Tribune News Service
New Delhi, December 25
Advocating a stronger push for increased bilateral engagement between the United States and India, a senior US policy specialist on Friday said geo-political ambitions of New Delhi and Washington need to be paired for a strategy to engage the emerging realities of the Indo-Pacific.
“With the incoming Biden-Harris administration, there will be a renewed focus on restoring our global alliances and strengthening our global institutions,” said Nisha Biswal, president of the US-India Business Council, while addressing the inaugural Atal Behari Memorial Lecture organised by the Ministry of External Affairs.
“The advances of the past four years and the strategic convergence which we have seen deepened in the current administration will continue but they need to be buttressed with a broader focus on our shared democratic values.
“And our geopolitical ambitions need to be paired with a firm grasp and strategy for engaging the geo-economic realities of the Indo-Pacific,” she said.
Recounting the upward trajectory of the relationship since the time Vajpayee was at the helm of affair, Nisha said, Prime Minister Vajpayee was able to foresee what many others failed to see.
He saw the potential dangers posed by a rising and unchecked China. And he saw the importance of a US-India partnership, built on the foundation of our democratic values, to advance a rules-based order that would enable a more peaceful, prosperous and pluralistic Asia, she said.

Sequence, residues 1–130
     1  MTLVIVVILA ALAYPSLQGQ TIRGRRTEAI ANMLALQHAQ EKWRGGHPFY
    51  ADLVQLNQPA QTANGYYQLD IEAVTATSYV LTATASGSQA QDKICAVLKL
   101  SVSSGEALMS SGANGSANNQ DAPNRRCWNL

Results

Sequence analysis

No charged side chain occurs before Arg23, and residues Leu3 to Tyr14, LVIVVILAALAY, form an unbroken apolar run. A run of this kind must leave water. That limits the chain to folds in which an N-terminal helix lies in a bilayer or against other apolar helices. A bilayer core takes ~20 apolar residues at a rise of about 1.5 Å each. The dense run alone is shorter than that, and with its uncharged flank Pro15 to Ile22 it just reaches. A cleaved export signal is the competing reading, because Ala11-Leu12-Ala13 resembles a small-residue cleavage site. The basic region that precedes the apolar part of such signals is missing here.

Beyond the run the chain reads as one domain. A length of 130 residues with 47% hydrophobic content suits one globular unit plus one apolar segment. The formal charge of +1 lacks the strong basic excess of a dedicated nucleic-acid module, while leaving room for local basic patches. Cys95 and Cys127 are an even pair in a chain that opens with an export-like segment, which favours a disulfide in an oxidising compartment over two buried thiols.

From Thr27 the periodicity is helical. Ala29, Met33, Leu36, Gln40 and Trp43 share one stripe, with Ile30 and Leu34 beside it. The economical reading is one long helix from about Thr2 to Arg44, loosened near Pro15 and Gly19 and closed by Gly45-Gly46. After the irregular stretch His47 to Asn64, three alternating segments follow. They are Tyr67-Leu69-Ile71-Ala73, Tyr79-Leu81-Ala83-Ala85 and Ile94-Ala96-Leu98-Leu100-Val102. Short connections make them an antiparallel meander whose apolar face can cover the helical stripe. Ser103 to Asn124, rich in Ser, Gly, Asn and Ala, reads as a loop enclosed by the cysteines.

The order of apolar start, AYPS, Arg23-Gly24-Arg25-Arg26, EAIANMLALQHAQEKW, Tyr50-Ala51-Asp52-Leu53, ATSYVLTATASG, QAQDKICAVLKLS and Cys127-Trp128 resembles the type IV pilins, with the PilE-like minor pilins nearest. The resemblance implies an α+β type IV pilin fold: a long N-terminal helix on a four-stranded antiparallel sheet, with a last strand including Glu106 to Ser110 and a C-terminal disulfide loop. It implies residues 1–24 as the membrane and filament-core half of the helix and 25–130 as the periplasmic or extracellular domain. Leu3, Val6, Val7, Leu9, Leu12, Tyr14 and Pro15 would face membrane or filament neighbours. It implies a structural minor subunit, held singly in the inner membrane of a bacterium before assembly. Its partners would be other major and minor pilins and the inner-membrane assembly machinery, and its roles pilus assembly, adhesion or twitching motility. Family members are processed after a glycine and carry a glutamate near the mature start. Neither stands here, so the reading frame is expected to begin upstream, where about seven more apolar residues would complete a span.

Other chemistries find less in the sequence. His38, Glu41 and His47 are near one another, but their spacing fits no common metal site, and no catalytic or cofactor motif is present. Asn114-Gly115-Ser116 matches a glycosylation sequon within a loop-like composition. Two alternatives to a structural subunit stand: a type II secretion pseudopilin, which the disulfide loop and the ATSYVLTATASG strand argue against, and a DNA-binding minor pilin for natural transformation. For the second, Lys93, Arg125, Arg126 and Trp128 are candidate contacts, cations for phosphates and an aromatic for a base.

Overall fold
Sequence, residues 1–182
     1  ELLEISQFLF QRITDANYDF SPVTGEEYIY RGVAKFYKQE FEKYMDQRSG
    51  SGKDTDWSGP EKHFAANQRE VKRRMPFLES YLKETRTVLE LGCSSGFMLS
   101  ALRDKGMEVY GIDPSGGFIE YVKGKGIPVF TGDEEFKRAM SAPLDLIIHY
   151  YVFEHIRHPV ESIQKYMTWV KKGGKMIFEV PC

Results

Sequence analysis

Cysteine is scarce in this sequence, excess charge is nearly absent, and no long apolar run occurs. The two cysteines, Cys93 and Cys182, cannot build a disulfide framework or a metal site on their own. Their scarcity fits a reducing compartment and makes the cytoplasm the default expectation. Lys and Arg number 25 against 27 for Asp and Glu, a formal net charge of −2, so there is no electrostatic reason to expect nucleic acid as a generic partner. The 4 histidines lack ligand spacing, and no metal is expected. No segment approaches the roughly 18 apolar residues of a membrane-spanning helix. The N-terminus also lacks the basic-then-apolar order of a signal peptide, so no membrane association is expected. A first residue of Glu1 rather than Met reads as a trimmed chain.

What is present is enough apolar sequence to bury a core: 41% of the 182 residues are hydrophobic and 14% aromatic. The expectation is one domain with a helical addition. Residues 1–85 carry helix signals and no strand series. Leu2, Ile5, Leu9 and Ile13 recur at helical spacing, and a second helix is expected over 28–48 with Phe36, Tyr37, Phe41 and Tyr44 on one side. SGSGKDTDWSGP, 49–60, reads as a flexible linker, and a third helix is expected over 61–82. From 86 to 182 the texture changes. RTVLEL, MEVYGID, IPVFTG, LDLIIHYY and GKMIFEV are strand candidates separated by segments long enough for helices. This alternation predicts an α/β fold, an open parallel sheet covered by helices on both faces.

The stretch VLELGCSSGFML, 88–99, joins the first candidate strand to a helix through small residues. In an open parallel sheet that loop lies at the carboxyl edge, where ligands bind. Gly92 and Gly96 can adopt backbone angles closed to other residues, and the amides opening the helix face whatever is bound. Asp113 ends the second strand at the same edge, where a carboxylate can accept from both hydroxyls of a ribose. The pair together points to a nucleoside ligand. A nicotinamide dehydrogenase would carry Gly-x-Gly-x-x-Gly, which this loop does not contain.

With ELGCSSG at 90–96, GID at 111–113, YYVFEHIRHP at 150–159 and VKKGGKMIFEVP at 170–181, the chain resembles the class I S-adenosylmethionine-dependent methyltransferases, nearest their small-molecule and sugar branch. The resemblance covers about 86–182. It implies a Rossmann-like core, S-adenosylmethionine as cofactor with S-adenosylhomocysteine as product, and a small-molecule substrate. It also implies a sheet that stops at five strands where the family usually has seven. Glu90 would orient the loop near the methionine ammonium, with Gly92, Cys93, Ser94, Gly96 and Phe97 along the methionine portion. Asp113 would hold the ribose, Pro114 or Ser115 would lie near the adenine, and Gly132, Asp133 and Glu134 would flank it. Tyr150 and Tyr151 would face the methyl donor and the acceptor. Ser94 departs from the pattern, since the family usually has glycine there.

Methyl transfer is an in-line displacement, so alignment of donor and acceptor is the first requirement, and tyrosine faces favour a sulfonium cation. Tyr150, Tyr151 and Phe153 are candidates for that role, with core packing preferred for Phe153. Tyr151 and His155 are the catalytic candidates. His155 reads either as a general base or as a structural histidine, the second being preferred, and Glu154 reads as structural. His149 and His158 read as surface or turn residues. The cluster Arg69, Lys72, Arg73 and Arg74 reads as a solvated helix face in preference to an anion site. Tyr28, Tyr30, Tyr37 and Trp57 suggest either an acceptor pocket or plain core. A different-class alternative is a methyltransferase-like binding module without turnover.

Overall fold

Today, she said, the geo-economics realities were such that for either the United States or India to succeed and be competitive with the production capacity and efficiency of China would require working together by both the countries and develop more effective and efficient economy in respective countries.
Biswal, who served in the Obama administration, said as the two large economies both the United States and India were outside of the two major trading blocks in Asia and trade policy in democracies were neither easy nor politically popular.
“Despite the fact that we have not been able to conclude even a small agreement between our two countries, we have seen the promise of a growing economic partnership drive greater trade and investment in both the US and India,” she said suggesting it was time to build on the successes and deepen economic convergence, requiring partnership across sectors.
Biswal also suggested that both countries institutionalise deepening relations between the US Congress and Indian Parliament, connect state and city leaders in a meaningful way.
In his opening remarks, External Affairs Minister S Jaishankar described Vajpayee as a transformational leader. “… when it came to Indian foreign policy.”
“He had an intuitive understanding that the post-Cold War world required India to drastically rework its relationships and interests. This vision led to a new beginning with the United States that has since been developed by successive governments on both sides,” he said.
“It required us, as a nation, to overcome difficult moments and continuing concerns. Only someone with Atalji’s enormous self-assurance could, in the early days, have visualised how natural this partnership would become,” Jaishankar pointed.